Prior to the Asian crash of 1997, the environment in Thailand in the 80’s and 90’s was one of strong growth of more than 8% per year. Up to the early 90’s investment in the country mainly came from local businesses and savings, with the foreign debt of the country still safely within the normal range. However after the 1990s this changed and investment came in from abroad.
Low interest rates in developed countries resulted in investors seeking better returns in countries such as Thailand and other emerging markets, increasing the flow of private capital to Southeast Asia dramatically. Local finance companies borrowed funds from international lenders and exchanged that currency to the local currency to lend to local companies. As a result there was an increase in credit expansion as money flowed in from countries such as Japan and Germany.
With the foreign financing activities and the foreign exchange activities taking place, the price of the Thai baht would be volatile if left to float. The Thai government’s policy was to keep the baht stable to the US dollar. So when the demand of the baht was high and there was risk of appreciation it would actively enter the foreign exchange market to sell the baht and increase its supply so that the price would not rise and bought foreign reserves of US dollars and Japanese Yen. This process further expanded credit and increased the money supply.
The boom period coupled with increased investments and credit expansion brought speculation to the markets. The speculation mainly occurred in the stock market but also affected the real estate sector. Speculation would further add to the already overheating economy and it was not easy to stop. To counter the effects of the already heated economy and increasing speculation the central bank sold baht and bought foreign reserves but then bought back those baht by selling bonds. This in effect was borrowing back their money and increasing interest rates as a result. A rise in interest rates did not help curb speculation or slow down foreign inflow instead it made it more attractive for foreign investors as higher rates increased the return.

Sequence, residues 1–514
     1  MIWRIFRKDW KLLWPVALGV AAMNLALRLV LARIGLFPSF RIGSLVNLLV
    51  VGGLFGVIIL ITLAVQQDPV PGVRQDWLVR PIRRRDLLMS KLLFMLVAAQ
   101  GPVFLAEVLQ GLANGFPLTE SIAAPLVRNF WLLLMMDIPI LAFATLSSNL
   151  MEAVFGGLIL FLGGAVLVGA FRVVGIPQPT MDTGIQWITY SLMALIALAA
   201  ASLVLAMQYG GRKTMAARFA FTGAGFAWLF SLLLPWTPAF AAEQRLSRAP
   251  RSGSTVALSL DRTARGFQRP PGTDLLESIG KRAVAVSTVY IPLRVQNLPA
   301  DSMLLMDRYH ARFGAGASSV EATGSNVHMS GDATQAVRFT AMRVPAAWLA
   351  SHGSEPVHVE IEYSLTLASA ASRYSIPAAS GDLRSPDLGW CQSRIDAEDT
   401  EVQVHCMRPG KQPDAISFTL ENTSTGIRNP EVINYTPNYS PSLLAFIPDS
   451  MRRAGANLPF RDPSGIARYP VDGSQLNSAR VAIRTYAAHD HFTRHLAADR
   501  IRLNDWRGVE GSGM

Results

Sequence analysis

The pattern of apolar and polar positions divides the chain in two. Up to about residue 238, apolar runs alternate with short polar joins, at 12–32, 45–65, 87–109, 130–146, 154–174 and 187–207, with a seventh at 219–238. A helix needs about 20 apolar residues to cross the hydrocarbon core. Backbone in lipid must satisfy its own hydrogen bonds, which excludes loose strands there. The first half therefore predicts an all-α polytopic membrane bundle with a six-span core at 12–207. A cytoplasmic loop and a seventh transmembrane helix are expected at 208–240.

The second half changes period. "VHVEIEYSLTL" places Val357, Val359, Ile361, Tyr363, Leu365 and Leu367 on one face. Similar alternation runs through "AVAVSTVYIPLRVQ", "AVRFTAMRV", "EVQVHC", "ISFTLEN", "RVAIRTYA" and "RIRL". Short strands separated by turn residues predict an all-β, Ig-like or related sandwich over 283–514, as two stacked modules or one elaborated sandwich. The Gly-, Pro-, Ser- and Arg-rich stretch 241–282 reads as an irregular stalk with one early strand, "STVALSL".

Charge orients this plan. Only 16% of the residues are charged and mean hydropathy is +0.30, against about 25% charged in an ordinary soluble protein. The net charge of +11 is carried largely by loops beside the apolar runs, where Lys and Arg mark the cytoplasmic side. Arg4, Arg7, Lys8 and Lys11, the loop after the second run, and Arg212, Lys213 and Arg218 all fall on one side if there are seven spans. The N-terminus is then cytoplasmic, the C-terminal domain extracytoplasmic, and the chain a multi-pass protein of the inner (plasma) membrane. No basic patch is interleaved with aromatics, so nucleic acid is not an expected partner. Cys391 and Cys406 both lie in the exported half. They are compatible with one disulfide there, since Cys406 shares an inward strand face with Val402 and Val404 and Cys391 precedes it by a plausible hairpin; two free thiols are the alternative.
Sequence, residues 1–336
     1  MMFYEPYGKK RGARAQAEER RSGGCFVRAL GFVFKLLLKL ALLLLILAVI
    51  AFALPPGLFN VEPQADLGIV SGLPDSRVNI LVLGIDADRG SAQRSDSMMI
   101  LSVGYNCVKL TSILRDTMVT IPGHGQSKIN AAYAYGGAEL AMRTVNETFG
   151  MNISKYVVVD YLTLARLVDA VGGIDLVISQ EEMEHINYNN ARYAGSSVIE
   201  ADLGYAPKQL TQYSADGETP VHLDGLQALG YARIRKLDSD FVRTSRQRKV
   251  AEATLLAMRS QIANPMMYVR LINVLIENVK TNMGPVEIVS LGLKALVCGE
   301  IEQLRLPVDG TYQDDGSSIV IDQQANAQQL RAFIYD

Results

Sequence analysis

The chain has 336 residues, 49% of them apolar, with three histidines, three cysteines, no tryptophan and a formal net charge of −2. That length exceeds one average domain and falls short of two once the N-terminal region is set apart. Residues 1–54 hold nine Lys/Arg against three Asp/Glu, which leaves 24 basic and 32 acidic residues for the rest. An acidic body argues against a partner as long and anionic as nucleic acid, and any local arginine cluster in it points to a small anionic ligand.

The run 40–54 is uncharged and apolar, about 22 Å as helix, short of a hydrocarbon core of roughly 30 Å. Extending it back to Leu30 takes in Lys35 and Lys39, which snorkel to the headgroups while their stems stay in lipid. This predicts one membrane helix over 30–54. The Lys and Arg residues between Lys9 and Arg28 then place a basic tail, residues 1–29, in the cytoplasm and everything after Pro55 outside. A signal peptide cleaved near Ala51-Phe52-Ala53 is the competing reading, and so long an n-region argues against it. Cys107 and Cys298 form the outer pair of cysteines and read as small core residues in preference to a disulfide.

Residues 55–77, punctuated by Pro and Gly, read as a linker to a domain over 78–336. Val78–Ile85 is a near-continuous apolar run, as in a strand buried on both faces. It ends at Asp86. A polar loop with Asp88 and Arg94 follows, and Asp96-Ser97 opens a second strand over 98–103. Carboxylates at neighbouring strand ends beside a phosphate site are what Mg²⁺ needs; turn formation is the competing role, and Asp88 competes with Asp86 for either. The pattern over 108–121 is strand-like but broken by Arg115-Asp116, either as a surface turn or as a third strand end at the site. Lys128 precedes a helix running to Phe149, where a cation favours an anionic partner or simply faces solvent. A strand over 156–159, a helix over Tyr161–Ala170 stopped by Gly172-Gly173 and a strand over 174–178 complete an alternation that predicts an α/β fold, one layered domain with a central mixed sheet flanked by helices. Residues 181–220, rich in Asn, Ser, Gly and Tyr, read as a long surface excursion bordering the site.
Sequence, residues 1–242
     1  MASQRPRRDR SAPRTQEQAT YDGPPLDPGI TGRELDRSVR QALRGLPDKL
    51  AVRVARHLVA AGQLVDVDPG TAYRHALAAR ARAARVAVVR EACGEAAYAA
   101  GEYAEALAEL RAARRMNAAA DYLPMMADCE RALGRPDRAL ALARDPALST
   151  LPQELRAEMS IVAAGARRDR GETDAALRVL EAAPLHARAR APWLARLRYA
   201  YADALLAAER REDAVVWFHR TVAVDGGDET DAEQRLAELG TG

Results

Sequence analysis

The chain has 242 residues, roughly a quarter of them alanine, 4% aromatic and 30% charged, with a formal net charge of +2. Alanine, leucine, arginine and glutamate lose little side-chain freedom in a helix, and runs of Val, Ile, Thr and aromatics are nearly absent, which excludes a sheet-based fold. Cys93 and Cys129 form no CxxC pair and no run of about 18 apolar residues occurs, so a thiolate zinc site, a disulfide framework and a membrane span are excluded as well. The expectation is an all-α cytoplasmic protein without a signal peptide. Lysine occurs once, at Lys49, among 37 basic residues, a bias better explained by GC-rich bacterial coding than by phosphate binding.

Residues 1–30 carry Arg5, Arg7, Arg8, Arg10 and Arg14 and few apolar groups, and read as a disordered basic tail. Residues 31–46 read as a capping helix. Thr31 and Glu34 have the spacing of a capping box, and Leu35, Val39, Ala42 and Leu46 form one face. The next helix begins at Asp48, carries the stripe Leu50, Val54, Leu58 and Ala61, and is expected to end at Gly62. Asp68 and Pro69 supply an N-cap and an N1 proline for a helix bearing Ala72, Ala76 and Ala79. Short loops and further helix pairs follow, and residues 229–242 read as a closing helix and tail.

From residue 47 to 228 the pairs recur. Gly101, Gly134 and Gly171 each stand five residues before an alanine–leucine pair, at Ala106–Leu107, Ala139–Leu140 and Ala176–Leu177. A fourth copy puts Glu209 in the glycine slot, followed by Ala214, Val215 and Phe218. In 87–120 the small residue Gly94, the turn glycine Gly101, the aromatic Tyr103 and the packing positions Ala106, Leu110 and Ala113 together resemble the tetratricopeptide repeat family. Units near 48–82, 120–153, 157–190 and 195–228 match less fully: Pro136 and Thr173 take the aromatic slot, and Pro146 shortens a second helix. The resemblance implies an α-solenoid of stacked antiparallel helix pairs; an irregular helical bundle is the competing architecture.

The Thai economy was in overdrive and overheating. Imports grew as a result of the increased disposable income and the growth in the economy put pressure on wages making local products more expensive and thus Thai exports less attractive. This resulted in an increasingly alarming trade gap with the deficit continuously widening.
Throughout the 80’s and 90’s, from the boom to the bust, corruption was rife in Thailand and other Asian countries such Indonesia and Malaysia. The corruption in the region lead to much larger risks being taken by firms with the government connections and increased bailouts came at the tax payer’s expense. Dodgy investments with high risks and high failure rates further increased the speculation and the fact that government guaranteed these actions further increased the speculative boom occurring already in an